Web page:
Semester of Graduation

summer 2020


Master of Science (MS)



Document Type



In this thesis, development of new materials to the field of optoelectronics were studied. Optoelectronic devices based on organic semiconductors in order to replace their inorganic counterparts have been an increasing focus of research in recent decades. Organic light-emitting diodes (OLEDs) have gained commercial acceptance for their potential use in high-resolution displays and solid-state lighting. This general acceptance is despite the fact that organic electronic concepts (solar cells, transistors and detectors) are still in an early stage of development. OLEDs materials intrinsic advantages, like low power consumption as compared to LED counterparts, a tunable color range, ease of manufacturing, and flexibility have facilitated their exploitation for next generation consumer electronics. However, OLEDs have not fully actualized in the market due to limited life spans, especially in regard to blue color. Thus, in order for these devices to reach their full potential, significant advances need to be made to improve the fundamental limitations cited above. Based on literature references, blue light has been shown to lag behind red and green lights in terms of stability, and thus, applicability. In this research, compounds from electron deficient pyrimidine derivatives and electron rich pyrene moieties, which can provide deep blue fluorescence, were designed, synthesized and characterized. Characteristics such as thermostability, photostability, UV-absorbance, fluorescence, energy band gaps, Commission Internationale de l'éclairage (CIE) co-ordinates, and quantum yield were studied in this thesis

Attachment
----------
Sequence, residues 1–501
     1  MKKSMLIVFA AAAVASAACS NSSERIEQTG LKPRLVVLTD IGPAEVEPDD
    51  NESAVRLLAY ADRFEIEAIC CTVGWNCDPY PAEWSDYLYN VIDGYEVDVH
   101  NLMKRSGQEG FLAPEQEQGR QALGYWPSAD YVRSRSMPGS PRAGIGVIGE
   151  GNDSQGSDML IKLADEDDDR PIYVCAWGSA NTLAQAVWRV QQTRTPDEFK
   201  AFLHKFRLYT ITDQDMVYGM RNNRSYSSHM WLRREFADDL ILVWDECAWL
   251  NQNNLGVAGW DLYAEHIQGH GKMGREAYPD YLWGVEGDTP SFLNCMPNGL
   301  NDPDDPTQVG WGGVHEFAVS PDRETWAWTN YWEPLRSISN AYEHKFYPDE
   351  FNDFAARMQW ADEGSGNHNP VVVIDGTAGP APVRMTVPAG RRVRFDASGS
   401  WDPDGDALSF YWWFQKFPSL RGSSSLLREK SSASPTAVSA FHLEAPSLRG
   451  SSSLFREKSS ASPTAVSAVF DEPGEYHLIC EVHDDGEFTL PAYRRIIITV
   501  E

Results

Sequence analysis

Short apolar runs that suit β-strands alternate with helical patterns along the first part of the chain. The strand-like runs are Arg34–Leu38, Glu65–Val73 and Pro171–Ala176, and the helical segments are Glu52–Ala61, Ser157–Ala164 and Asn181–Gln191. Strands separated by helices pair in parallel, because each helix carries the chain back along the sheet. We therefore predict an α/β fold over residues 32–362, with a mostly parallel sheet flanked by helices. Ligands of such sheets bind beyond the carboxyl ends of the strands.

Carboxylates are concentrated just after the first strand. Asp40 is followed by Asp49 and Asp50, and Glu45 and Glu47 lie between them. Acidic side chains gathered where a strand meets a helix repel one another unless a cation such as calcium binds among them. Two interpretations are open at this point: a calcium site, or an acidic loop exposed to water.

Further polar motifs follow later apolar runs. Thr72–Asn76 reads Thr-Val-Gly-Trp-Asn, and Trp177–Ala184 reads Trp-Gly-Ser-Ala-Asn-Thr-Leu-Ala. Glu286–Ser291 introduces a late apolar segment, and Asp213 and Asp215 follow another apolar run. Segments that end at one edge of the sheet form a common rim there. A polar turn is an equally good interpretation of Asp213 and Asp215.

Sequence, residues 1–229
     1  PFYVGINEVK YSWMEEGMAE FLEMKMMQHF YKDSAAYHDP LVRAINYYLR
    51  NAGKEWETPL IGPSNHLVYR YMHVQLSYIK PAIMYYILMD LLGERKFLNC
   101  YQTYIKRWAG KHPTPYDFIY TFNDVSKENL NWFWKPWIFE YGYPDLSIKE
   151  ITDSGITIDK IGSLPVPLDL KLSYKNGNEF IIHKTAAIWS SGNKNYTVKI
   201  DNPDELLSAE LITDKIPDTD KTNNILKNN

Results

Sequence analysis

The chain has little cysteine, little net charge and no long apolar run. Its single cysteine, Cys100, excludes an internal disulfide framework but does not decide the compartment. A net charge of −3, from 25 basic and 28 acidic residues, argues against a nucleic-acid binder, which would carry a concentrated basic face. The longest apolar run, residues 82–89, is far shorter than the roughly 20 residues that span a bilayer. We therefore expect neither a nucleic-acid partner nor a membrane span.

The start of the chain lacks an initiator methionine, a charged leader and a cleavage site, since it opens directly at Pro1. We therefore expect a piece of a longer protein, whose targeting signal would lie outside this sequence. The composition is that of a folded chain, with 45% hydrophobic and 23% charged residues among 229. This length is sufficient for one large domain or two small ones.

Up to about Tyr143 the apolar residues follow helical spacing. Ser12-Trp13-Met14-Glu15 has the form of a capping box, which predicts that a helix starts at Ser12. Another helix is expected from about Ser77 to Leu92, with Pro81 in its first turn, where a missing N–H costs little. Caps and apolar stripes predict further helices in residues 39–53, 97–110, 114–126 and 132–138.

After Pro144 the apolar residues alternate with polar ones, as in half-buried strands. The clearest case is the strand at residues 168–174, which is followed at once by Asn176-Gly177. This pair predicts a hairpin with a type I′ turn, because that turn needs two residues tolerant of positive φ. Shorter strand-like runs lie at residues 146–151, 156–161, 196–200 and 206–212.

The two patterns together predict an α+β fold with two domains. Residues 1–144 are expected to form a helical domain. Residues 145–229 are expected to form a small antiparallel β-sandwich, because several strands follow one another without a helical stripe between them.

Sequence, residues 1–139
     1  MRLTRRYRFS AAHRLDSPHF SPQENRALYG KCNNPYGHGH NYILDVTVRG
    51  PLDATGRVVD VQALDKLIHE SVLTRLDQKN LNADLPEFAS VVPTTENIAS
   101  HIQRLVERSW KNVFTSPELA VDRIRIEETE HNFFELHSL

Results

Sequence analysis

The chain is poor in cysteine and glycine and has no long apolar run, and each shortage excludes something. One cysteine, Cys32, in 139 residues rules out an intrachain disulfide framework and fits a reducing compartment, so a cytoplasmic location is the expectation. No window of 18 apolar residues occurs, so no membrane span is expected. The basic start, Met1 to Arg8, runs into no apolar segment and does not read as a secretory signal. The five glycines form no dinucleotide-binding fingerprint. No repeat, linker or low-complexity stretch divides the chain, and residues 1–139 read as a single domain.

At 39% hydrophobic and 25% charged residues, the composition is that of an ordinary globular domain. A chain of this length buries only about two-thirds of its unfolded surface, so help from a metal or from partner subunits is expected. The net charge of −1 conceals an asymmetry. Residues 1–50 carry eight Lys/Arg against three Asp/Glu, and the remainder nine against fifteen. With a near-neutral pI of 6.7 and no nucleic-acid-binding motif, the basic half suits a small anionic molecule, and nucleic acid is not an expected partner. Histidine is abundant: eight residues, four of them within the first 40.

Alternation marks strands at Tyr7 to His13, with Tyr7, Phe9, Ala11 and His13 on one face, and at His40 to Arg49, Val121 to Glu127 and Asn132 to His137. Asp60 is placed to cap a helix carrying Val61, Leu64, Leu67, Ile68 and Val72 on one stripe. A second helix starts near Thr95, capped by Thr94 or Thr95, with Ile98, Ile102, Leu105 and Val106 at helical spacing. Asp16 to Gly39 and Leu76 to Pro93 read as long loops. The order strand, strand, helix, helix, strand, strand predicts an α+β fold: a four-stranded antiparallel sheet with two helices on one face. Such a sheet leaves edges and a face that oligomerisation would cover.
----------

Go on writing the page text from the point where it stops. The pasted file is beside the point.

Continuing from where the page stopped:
Committee Chair

Warner, Isiah